Anand: It is a threat that we have to live with. I have got used to being checked with metal detectors before playing a game. In the beginning it was a shock for me, since I grew up during an innocent age in sports. But technology develops very quickly. Somebody can be sitting at a remote place, following a game with a computer and sending information to the player. Receivers are becoming smaller, and the number of cheaters is growing. We need to take measures. We have a rule that says that if a mobile phone rings during a game you lose. It is tough, but it has to be enforced. The alternative would be to permit the use of computers during the game.
SPIEGEL: That would be like legalising doping.
Anand: I think it is not doping, it is a different form of the game. But chess should remain a contest of strength between two human beings.
SPIEGEL: What is the role of emotions?
Anand: They are decisive. The moment in which you realise that you have made a mistake is the most unsettling you can imagine. You have to try to keep control of your emotions. Chess is a form of acting. If your opponent senses your insecurity or your annoyance or your dejection, then you are bolstering his courage. He will take advantage of your weakness. Confidence is very important – even pretending to be confident. If you make a mistake but do not let your opponent see what you are thinking then he may overlook the mistake.
SPIEGEL: Are you good at reading the faces of your opponents?
Anand: Usually their faces are completely calm and dispassionate. The exception was Garry Kasparov, against whom I played a World Championship in New York in 1995. He was an open book. What I tend to do is to listen to their breathing.
SPIEGEL: You listen to your opponent breathing?
Anand: If the breathing is deep or shallow, fast or slow – that reveals a lot about the degree of his agitation. In a match that lasts a month even a clearing of the throat can be quite important. Incidental facts are also important: did your opponent have a fight with his wife? If he is occupied with private matters he may not be as focussed as usual.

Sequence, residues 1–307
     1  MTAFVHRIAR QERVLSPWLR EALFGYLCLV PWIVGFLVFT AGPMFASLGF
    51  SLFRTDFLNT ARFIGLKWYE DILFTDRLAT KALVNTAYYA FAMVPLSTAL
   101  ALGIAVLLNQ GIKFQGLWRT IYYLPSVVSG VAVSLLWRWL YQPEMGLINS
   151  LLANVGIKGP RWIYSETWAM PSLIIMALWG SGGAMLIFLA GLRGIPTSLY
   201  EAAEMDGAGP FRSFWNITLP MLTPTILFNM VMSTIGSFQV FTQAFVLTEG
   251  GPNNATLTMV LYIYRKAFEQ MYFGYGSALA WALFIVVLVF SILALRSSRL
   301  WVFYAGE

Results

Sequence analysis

SPIEGEL: Do you work with psychological tricks?
SPIEGEL: What do you find most disturbing?
Anand: When my opponent turns the game around. Sometimes it is almost liberating when you finally lose. I think to myself, okay, the point is gone, tomorrow you are going to play better. During a world championship you have to be careful not to panic. It occupies your mind when you see your opponent at breakfast. Is he relaxed? Tense? One is in a strange way obsessed. Kramnik and I will be staying in the same hotel in Bonn, but in opposite wings. Actually we like each other, but it will take quite some time before we exchange any words.
SPIEGEL: Can you switch off in the evening during such tournaments?
Anand: It is difficult to relax without having feelings of guilt. I keep asking myself: shouldn't you be working? But you have to relax, otherwise you cannot play well. Experience helps you to find the right balance. I like to watch old Hitchcock films in order to give my brain a rest.
SPIEGEL: Your nickname is the "Tiger of Madras". But you are not considered to be a predator on the chessboard. Some experts say you are missing the killer instinct. Are they right?
Anand: The thing with the tiger was an invention by some journalist who probably could not think of any other Indian animal. Normally I avoid conflict, and I am indeed not a killer like Kasparov. That is not my style. I am used to moving around in peaceful surroundings. I grew up in a family where values were very important.
SPIEGEL: You are a Brahmin and belong to the highest Hindu caste. You learnt to play chess from your mother, when you were six years old. Unlike the Russian prodigies you were not systematically trained. Would you have liked to go to a special chess school?